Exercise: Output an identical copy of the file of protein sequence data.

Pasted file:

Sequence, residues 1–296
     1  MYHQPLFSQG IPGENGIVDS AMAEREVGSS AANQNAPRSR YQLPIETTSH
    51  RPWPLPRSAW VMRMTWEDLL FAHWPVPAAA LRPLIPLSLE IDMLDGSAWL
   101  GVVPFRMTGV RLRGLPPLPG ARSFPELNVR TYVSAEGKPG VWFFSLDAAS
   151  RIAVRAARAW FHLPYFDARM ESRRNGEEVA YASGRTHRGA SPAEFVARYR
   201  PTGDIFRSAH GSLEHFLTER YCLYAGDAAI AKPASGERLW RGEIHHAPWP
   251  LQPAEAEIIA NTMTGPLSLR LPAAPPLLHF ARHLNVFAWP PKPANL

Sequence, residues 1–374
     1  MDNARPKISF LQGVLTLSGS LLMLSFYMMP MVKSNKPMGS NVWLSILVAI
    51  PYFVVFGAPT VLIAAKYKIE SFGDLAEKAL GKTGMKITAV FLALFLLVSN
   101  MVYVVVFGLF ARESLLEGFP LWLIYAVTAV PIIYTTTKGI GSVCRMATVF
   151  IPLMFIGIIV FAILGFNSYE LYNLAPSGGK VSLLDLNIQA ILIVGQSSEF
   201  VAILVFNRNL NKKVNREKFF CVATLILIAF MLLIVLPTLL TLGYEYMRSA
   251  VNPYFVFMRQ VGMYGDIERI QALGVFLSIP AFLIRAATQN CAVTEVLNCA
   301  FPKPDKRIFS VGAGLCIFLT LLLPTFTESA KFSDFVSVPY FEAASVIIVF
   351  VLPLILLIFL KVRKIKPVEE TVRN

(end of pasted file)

Sequence, residues 1–296
     1  MYHQPLFSQG IPGENGIVDS AMAEREVGSS AANQNAPRSR YQLPIETTSH
    51  RPWPLPRSAW VMRMTWEDLL FAHWPVPAAA LRPLIPLSLE IDMLDGSAWL
   101  GVVPFRMTGV RLRGLPPLPG ARSFPELNVR TYVSAEGKPG VWFFSLDAAS
   151  RIAVRAARAW FHLPYFDARM ESRRNGEEVA YASGRTHRGA SPAEFVARYR
   201  PTGDIFRSAH GSLEHFLTER YCLYAGDAAI AKPASGERLW RGEIHHAPWP
   251  LQPAEAEIIA NTMTGPLSLR LPAAPPLLHF ARHLNVFAWP PKPANL

Sequence, residues 1–374
     1  MDNARPKISF LQGVLTLSGS LLMLSFYMMP MVKSNKPMGS NVWLSILVAI
    51  PYFVVFGAPT VLIAAKYKIE SFGDLAEKAL GKTGMKITAV FLALFLLVSN
   101  MVYVVVFGLF ARESLLEGFP LWLIYAVTAV PIIYTTTKGI GSVCRMATVF
   151  IPLMFIGIIV FAILGFNSYE LYNLAPSGGK VSLLDLNIQA ILIVGQSSEF
   201  VAILVFNRNL NKKVNREKFF CVATLILIAF MLLIVLPTLL TLGYEYMRSA
   251  VNPYFVFMRQ VGMYGDIERI QALGVFLSIP AFLIRAATQN CAVTEVLNCA
   301  FPKPDKRIFS VGAGLCIFLT LLLPTFTESA KFSDFVSVPY FEAASVIIVF
   351  VLPLILLIFL KVRKIKPVEE TVRN